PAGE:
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Wheat Ridge Parental Responsibilities Attorney | What is Early Neutral Assessment (ENA)?

On Behalf of | Jan 30, 2018 | Child Custody |


Chances are, when you are getting a Wheat Ridge or Jefferson County divorce or dealing with child custody, you will be required to attend an Alternative Dispute Resolution (ADR) session. When is comes to divorce and related issues, the ADR is often in the form of mediation. However, there are other options as well. If the only issue that needs to be worked through is related to parenting and your children, then Early Neutral Assessment (ENA) may be the right choice for you.

Early Neutral Assessment in Jefferson County: How Do I Know If It’s the Right Choice?

Early Neutral Assessment works much like mediation – it involves an impartial third party facilitating a conversation about various issues in hopes that an agreement can be reached outside of a formal Jefferson County court hearing. But, ENA is solely focused on child custody, child support and co-parenting related issues. If you are going through a divorce and the only issues that you and your former spouse cannot agree on is related to your kids, then ENA may be a good option for you. If, however, your contested issues are related to more than just your children, Early Neutral Assessment will not work for you.

What is Entailed in an Arvada ENA Session and Who Attends?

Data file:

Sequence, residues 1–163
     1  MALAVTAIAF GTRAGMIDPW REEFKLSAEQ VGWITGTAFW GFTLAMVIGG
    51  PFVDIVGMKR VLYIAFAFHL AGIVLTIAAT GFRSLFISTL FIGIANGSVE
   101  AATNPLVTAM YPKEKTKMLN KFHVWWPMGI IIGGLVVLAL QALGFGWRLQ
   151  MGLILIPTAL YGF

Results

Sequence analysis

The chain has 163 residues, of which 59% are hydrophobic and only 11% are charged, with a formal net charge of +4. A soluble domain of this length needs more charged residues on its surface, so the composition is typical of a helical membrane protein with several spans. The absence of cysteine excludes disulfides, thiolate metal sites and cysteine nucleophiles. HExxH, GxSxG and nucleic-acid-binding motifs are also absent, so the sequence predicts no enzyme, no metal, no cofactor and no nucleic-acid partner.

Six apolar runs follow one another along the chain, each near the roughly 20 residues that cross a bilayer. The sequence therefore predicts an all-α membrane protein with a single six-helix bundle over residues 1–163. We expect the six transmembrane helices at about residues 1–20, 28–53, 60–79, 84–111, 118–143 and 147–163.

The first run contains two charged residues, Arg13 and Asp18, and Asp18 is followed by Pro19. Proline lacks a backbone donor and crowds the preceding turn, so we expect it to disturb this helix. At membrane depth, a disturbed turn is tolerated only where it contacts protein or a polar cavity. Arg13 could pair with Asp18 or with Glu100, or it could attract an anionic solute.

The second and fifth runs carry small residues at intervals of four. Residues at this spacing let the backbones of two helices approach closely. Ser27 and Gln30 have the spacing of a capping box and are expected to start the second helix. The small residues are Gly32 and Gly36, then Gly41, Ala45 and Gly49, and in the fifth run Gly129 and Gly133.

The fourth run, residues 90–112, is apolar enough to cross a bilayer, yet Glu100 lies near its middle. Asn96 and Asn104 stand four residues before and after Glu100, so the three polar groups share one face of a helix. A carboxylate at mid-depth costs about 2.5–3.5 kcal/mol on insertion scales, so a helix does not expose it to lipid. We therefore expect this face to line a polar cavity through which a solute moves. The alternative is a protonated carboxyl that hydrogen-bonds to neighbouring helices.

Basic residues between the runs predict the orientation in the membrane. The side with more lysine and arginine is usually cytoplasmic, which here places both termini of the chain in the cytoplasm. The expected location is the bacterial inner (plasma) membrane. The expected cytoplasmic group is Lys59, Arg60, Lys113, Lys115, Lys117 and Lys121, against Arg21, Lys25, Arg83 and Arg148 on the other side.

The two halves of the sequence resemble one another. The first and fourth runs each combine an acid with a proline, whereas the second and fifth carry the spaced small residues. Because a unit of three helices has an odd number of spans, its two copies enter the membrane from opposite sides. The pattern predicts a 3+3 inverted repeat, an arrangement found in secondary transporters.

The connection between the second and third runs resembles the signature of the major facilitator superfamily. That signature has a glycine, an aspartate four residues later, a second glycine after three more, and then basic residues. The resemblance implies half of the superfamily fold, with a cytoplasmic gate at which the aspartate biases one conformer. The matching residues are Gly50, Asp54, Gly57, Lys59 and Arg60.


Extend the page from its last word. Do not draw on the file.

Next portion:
If you choose to go the ENA route, each session will be attended by both parents, their attorneys, another independent attorney, and a mental health professional. It is also set up so if the independent lawyer is a female, the mental health professional will be male so as to avoid any allegations of gender bias. Generally, the Early Neutral Assessment follows these procedures:

  1. Both parties appear in the courtroom and are advised on the ENA procedures.
  2. The parties, their attorneys, and the Early Neutral Assessment professionals then meet in a private room.
  3. The filing party begins by discussing the child related issues of concern.
  4. The other party then has a chance to express themselves about the raised issues.
  5. Each party will get a chance to respond to the other – addressing any concerns/thoughts/ and opinions expressed by the other.
  6. The parties will then separate, discussing things with their attorneys, while the ENA professionals discuss the issues privately.
  7. The parties will reconvene, and the ENA professionals will provide their thoughts on the issues.
  8. The parties will discuss any potential settlements.
  9. Any agreements or settlements will be presented to the court on the record.

If you are dealing with contested issues related to your children, call the Pearman Law Firm at 720-259-9528 for your phone consultation.